Nestlé breakfast cereal reformulation needs tact, warns specialist
The Nestlé-General Mills 50:50 joint venture company has pledged to reformulate 20 Nestlé brands popular with children and teenagers, including Nesquik, Chocapic, Honey Cheerios and Golden Grahams, by 2015.
It has vowed to cut sugar content to 9g or less per serving and reduce sodium to 135mg or less.
Honey Cheerios and Chocapic currently contain 10.5g and 10.8g of sugar per 30g serving respectively, Nesquik is just over at 9.1g while Golden Grahams is already below the threshold at 8.9g. Chocapic already contains less sodium than pledged at 100mg per serving but Honey Cheerios contains 330mg, Golden Grahams 500mg and Nesquik 180mg.
Sugar will be replaced with other ingredients, typically carbohydrates with similar calorie levels, it said, and therefore the energy content of the cereals will remain about the same.
The company has also pledged nutritional improvements, including increased calcium content – to at least 15% of the recommended daily allowance (RDA) and use of wholegrain as a main ingredient in all recipes.
Slow and subtle change needed
Professor Jack Winkler, nutrition policy specialist, told BakeryandSnacks.com that while this move is “exactly the direction companies should be taking,” it will not be easy and must be exercised gradually and unobtrusively.
“It will take perseverance and discipline in the face of critics such as foodies who want it all tomorrow and financials who are demanding where the profits will come from,” Winkler said.
One such critic, Malcolm Clark, coordinator of UK health movement Children’s Food Campaign, questioned why such high levels of sugar and salt existed in the children’s cereal products in the first place.
“While we are giving credit to this move, the sugar and salt levels should not have been this high to start with. These are not healthy cereals and they still won’t be after the reformulation,” Clark said.
He called the claims on calcium and wholegrain “marketing misdirection used to position the product as healthy and disguise the levels of salt and sugar.”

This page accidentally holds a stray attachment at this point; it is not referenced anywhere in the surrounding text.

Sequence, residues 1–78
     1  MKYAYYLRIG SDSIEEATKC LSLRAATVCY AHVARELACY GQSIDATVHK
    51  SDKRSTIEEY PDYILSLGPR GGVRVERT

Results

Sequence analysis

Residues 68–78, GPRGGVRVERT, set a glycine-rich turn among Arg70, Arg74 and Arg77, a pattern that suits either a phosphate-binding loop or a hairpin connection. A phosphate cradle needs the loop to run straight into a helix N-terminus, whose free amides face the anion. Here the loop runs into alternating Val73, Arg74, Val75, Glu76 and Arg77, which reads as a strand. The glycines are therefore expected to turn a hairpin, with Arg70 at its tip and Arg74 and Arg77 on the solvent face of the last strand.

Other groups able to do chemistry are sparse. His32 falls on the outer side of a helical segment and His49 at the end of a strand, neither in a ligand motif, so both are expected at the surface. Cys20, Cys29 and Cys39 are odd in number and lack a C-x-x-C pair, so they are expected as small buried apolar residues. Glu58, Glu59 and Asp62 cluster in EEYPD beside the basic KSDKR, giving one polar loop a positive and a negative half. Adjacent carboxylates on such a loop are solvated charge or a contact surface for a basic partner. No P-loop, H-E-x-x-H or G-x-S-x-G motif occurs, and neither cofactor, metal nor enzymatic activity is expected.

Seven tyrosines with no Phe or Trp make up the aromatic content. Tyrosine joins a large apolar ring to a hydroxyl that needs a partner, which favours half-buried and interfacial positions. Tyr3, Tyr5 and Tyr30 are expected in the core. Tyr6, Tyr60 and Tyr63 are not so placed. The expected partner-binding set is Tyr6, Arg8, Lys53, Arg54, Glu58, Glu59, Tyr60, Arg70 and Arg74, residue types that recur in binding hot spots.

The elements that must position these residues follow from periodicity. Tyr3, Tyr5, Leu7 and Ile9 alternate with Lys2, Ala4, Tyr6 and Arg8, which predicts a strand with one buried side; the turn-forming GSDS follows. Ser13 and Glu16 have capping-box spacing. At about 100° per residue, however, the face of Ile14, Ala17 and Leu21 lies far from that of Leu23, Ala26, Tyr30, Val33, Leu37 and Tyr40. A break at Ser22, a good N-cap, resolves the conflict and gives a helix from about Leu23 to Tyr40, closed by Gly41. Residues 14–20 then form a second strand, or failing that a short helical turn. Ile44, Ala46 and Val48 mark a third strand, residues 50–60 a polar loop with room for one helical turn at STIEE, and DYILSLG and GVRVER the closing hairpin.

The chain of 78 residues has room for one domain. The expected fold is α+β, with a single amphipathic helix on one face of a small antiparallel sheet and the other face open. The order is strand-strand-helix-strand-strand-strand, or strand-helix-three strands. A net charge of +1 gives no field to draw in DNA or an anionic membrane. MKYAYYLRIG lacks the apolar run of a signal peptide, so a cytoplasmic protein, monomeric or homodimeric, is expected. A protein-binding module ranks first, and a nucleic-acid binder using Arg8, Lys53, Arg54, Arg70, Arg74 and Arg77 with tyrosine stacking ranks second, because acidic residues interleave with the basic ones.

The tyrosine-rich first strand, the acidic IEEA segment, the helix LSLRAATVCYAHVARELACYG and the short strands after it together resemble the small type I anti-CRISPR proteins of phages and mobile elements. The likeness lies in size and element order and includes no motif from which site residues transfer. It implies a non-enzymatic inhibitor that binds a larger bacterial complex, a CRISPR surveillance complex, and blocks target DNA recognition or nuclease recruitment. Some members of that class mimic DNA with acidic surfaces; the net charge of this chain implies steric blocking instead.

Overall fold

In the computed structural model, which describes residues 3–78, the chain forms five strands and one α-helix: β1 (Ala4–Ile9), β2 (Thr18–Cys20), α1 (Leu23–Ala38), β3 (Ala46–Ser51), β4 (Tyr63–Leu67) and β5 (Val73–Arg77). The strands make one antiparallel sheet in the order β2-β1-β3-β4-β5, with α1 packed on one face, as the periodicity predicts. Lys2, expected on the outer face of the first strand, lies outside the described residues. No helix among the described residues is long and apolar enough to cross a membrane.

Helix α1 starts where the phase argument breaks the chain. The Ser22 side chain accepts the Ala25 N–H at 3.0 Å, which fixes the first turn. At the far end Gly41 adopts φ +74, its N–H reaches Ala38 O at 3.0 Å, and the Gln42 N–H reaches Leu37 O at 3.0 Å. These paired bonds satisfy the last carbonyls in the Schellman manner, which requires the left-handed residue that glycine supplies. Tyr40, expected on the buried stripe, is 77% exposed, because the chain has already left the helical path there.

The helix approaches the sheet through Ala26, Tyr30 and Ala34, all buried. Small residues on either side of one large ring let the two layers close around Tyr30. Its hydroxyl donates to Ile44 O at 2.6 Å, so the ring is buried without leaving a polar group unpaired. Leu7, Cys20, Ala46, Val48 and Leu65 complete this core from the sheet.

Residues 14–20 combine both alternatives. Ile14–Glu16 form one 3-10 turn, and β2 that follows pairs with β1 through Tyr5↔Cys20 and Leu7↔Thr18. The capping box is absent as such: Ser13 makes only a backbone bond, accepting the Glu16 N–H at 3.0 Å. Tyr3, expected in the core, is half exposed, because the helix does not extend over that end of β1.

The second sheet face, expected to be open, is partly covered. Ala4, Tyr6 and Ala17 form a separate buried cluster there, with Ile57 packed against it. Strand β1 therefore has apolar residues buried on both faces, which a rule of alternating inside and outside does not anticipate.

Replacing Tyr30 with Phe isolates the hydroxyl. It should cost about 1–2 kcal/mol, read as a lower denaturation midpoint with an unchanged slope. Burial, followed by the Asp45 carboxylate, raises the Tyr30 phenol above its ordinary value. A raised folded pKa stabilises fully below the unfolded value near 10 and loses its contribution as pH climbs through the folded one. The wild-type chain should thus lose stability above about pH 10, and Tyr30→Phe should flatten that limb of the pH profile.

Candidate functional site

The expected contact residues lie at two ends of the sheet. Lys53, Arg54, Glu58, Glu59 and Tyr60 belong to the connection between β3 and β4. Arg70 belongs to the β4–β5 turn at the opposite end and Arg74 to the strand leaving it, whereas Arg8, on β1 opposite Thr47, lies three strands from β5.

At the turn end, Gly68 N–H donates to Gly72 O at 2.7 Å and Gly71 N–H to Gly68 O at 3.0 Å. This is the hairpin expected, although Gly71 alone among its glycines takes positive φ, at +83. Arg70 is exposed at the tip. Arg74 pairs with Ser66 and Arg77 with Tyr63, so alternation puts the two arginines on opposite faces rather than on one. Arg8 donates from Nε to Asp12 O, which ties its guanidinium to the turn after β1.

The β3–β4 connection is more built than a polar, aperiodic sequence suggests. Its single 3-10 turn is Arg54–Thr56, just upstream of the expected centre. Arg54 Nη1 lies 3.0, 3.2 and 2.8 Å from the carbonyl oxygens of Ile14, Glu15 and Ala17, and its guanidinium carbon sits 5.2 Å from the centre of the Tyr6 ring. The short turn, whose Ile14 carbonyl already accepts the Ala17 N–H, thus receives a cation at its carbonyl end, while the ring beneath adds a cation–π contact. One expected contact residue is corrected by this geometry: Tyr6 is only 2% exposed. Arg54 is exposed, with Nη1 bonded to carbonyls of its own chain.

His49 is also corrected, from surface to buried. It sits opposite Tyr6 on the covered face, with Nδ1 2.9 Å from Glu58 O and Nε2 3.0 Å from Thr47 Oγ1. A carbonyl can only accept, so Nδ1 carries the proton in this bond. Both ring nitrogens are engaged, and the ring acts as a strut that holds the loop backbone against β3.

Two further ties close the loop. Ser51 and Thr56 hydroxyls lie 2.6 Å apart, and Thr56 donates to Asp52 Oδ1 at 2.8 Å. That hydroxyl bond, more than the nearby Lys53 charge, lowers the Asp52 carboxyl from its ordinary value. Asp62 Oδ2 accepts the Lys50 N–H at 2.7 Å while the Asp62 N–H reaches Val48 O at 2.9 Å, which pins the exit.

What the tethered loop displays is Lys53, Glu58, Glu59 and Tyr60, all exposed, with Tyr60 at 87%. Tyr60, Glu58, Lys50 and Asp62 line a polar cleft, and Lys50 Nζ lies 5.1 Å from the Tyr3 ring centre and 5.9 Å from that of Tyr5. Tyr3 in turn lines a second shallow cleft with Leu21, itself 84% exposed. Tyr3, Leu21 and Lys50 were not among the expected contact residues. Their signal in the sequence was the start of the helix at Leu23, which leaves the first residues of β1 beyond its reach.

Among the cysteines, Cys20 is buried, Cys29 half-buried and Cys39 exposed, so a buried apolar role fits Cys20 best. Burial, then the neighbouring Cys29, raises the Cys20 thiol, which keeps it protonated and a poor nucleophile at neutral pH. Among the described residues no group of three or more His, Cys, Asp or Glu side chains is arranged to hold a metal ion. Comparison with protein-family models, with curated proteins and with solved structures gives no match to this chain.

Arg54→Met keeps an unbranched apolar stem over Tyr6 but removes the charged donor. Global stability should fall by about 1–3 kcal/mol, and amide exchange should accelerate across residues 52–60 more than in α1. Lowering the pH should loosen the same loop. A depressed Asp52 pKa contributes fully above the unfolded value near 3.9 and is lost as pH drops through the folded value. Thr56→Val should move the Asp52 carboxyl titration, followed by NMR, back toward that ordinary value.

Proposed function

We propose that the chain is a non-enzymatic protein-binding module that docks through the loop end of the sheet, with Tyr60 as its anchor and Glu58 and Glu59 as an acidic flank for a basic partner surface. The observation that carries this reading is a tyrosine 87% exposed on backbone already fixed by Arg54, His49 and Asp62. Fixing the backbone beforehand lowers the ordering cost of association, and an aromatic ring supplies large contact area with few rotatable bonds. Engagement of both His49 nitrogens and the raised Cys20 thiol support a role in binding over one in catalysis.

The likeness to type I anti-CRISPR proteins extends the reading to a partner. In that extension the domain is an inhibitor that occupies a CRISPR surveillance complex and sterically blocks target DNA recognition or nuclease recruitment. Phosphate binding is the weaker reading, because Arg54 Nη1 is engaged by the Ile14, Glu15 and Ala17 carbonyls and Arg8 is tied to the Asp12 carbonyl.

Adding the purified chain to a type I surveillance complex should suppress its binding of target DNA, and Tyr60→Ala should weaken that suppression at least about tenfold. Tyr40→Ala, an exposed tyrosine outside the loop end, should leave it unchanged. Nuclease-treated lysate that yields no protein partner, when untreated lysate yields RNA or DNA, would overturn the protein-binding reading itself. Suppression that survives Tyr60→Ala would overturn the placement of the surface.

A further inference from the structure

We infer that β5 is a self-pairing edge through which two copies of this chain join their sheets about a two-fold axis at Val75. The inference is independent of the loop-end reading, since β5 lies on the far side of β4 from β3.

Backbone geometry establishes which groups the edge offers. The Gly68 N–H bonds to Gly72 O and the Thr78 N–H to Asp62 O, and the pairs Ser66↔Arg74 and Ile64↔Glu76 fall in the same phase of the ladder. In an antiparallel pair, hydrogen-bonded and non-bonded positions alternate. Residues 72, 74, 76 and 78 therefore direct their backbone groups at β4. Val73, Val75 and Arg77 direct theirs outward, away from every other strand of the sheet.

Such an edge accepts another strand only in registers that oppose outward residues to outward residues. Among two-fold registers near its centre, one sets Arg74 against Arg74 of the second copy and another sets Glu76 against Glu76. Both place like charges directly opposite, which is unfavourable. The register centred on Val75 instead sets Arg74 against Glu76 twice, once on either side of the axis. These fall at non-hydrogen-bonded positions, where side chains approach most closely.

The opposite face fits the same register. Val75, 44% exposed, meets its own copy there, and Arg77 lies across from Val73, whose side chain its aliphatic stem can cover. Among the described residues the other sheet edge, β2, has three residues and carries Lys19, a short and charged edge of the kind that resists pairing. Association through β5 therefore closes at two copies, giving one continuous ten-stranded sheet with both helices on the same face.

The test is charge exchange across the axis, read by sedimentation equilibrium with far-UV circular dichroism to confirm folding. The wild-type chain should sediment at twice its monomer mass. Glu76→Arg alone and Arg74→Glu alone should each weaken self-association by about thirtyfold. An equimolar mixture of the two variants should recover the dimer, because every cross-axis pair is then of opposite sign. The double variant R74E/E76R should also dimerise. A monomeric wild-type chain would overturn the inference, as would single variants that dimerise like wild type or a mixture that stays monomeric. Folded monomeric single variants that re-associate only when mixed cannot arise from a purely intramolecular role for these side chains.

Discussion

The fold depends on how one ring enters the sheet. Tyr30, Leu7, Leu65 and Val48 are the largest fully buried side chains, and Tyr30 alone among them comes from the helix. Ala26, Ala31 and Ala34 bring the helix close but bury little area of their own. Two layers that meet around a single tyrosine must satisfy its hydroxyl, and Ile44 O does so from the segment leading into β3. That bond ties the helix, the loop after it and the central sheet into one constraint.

The nutritional strategy for 21st century
Industry and government attempts to get consumers to replace unhealthy foods with healthy choices have failed, Winkler said, and this reformulation strategy represents an “alternative, pragmatic change of strategy starting”.
“Gradually improving the nutritional profile of mass market foods that consumers enjoy is a nutritional strategy for the 21st century. But it is the gradual nature that is absolutely essential here,” he said.
It must be done gradually to avoid shocking consumer taste preferences, he warned, and efforts must be unobtrusive to avoid repelling consumers. “The vast majority of consumers are repelled by less sugar and less salt claims.”
“Importantly, the unobtrusiveness must be kept for a long time – we’re talking decades,” he added.
“I hope Nestlé won’t try and make a boast about being healthier than they are. I hope they are modest about claims,” Winkler concluded.
Pressure to change?
Clark said the move has clearly been prompted by regulatory pressures from the EU and force from health organizations and Winkler suggested it was in line with rising childhood obesity concerns.
However, Hilary Green, head of R&D communications at Nestlé, said: “We are responding to what mums tell us they want. Our ultimate objective is to help mums make sure that their kids get a good start to the day and enjoy a nutritious and tasty breakfast.”
This is a long-term investment in R&D, Green said, and builds upon many years of technical knowledge and previous sugar and salt reductions across the company's cereal brand portfolio.
Since 2003, Cereal Partners Worldwide has removed more than 9,000 tons of sugar and nearly 900 tons of salt from its formulations, it said.